East Front & Piazza
The east front of the Mansion looks out over the Potomac River to the far Maryland shore. The two-story piazza is the Mansion’s most distinctive architectural feature. Extending the full length of the back of the house, it also has a practical function - catching the river breezes on a hot and humid Virginia day. The Washingtons treated the piazza as an outdoor room, serving afternoon tea here to visitors and family members seated in simple Windsor chairs.
Washington called this room - the last addition to the Mansion and the grandest space in the house - his “New Room”. With its two-story-high ceiling, detailed architectural ornament, and stylish furnishings, the New Room was intended to emphasize unpretentious beauty and fine craftsmanship, qualities he believed communicated the new nation’s values. Like the grand “salons” of fashionable 18th-century English manor homes, this room was meant to serve several functions. As a receiving area for visitors, its high ceiling, large volume, and symmetrical decoration made the space truly impressive as the room alone was larger than most houses in colonial Virginia.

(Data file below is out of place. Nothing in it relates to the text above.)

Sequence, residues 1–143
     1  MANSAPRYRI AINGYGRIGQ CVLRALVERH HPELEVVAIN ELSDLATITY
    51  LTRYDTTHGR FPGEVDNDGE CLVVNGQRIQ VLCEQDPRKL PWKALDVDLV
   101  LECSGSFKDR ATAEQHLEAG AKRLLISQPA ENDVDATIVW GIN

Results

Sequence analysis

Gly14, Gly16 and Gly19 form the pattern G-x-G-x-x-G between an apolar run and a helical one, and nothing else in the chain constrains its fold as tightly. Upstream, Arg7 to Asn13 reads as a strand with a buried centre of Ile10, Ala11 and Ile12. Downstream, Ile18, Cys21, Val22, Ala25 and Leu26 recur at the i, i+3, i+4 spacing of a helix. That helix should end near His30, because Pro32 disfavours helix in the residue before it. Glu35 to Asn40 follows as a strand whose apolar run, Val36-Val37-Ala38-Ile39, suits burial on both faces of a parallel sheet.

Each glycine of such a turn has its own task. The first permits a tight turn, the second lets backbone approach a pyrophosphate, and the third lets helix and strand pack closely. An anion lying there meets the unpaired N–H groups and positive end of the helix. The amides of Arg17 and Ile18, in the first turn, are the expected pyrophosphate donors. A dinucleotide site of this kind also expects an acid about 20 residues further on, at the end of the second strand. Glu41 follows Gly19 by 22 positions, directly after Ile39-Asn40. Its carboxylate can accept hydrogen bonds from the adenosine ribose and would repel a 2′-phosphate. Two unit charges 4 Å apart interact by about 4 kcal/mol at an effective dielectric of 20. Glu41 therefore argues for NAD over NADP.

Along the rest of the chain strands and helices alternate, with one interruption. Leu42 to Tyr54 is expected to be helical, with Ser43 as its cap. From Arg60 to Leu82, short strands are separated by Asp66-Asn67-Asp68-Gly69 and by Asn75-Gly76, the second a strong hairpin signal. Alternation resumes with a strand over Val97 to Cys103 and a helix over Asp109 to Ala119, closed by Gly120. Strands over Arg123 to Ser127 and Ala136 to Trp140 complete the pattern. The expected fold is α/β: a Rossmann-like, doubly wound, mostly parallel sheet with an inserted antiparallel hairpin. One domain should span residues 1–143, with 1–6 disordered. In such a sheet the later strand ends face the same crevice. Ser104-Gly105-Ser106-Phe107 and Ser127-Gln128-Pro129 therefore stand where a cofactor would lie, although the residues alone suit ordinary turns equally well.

Before the New Room was complete, Washington considered the west parlor to be “the best place in my House.” This elegant room was a public space where visitors enjoyed the Washington family’s company. Tea and coffee were customarily served here during the winter and on rainy days, and the household gathered here in the evenings to read, discuss the latest political news, and play games. In 1787 changes were made to update the room, including the application of fashionable and expensive Prussian blue paint. The ceiling was also replaced and decorated in the neoclassical style.